When the first steps in developing digital health tools were taken, one of the big objections was heard almost immediately: “we cannot put tools in the hands of patients because they don’t know what they are doing”. Health issues need to be addressed in a doctor’s office or at the hospital – self-help is a no-go. And now that digital health is progressing and proving to save lives, this objection is still widely heard. Is it holding back adoption?
As the aging population and prevalence of chronic disease in America grows, internet-connected health devices and applications can help support primary and specialty healthcare. So why is that not happening faster? For traditional (not meant with any disrespect of course) healthcare workers the protection of patients is a number one priority, and it should be. But there needs to be a balance. We need to find a way to bridge the gap between traditional and digital healthcare to improve monitoring, diagnosis and treatment for these patients.
In a study towards the adoption and impact of digital health tools conducted by Healthmine earlier this year, interesting facts came to light. Not surprising: the most popular tools are fitness and exercise apps, representing half of all digital tools used. Telemedicine and disease management have the lowest adoption. This seems to indicate that people tend to use these tools primarily to better their lifestyle then for more serious health improvement. Why is that?
Current landscape: adoption of digital health is speeding up
Another conclusion from the study: 76% who use digital health tools say they improve health and 93% of consumers who used telemedicine say it lowers their healthcare costs. But 39% of digital health users still haven’t even heard of telemedicine. Imagine what non-digital patients know about these tools.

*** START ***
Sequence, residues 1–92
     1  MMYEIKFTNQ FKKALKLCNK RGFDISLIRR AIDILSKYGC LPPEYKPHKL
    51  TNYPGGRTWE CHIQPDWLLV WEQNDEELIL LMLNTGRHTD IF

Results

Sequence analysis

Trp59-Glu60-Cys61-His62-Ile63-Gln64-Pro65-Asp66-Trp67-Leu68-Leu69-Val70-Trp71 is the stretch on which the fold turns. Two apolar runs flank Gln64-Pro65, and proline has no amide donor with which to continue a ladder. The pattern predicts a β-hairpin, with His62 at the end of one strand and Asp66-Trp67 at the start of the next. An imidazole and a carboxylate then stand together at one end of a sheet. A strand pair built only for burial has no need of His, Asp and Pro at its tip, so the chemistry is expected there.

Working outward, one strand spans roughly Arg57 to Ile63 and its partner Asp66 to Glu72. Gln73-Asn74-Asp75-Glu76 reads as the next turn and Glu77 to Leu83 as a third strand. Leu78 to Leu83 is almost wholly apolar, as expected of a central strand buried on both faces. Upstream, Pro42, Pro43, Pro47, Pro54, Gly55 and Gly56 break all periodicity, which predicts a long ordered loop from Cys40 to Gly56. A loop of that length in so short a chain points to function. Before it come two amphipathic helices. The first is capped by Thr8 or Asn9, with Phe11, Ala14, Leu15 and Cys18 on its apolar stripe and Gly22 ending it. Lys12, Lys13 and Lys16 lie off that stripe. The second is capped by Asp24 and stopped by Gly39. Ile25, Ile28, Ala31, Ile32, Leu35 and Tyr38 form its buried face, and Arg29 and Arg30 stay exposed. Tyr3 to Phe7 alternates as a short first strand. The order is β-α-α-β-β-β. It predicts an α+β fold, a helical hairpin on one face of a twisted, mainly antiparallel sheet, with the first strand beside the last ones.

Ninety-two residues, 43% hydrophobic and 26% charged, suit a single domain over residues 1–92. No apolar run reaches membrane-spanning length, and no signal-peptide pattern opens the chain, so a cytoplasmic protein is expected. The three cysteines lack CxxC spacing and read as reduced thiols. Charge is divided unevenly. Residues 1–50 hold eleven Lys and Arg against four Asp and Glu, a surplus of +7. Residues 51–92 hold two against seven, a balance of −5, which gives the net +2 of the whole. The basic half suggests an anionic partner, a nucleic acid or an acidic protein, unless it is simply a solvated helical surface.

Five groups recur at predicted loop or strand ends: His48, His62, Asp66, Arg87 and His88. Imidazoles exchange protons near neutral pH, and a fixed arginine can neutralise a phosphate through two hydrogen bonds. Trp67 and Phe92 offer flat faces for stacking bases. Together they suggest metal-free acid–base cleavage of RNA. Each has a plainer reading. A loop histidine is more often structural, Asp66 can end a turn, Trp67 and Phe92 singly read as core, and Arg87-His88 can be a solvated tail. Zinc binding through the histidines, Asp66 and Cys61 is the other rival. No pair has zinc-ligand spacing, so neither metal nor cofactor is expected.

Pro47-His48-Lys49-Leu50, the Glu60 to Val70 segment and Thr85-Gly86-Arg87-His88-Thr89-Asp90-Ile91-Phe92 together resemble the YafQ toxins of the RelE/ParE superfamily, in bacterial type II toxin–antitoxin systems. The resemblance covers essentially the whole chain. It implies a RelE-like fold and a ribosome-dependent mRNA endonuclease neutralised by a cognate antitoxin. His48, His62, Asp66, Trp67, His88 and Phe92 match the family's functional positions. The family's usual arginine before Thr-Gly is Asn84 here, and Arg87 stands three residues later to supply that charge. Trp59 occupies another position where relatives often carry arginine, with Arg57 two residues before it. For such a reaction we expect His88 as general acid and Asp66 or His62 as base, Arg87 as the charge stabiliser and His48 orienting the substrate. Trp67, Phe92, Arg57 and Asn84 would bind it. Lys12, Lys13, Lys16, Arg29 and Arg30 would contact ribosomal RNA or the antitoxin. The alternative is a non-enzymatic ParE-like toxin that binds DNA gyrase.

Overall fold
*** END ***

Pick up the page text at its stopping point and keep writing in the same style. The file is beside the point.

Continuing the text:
But nonetheless the adoption of digital tools is speeding up. We are getting more used to apps, software and electronic patients records. And more importantly, we are growing trust in these tools. With the use of technologies like machine learning from big data, high resolution cameras and improved security measures – we feel more comfortable in both usage and results. Thirty-three percent of U.S. consumers are using mobile health apps, compared with just 16% in 2014, according to a recent report by Accenture.
The same report shows that using digital health tools in primary care could save the US healthcare system $10 billion annually.
Traditional healthcare and its influence
While there is rapid growth in the use of digital health tools, such as activity trackers, smartwatches and health apps – nearly half of patients say their physician is not incorporating self-collected health data in guiding their healthcare, you can read from the Healthmine report.
This is what might be stopping the adoption of digital tools that fit the telemedicine, diagnosis and disease management categories. While these are the products that will really have an impact on both the patient’s health, and the costs of the healthcare systems all over the world.
Patients are stating that they are (really) willing to share their health data generated by apps with third parties to receive better care, customized treatment, and even custom insurance plans. Sharing with the doctor is perceived as a natural thing to do – but only a third of health app users have this set up. Mostly because their doctor is not open to it. Sharing data with healthcare providers is a more hesitant step to take, and this is being done at a very small scale at this moment.
Protecting and progressing simultaneously
If we take a final look at the Healthmine report, 46% of respondents say their doctor is not incorporating self-collected health data in guiding their healthcare. Those people are actively tracking their own health and also actively reaching out to their doctor. Imagine what happens to people that just rely on their doctor to tell them what to do – for these people it might take years to adopt any digital tools.
The key to both improving our health and bring down costs of the healthcare systems seems to be in bridging the gap between traditional and digital health – and ironically enough the digital tools need traditional health professionals to push them. For mass adoption, doctors, nurses and other healthcare workers need to advice on digital tools that are trusted and have been proving their positive impact.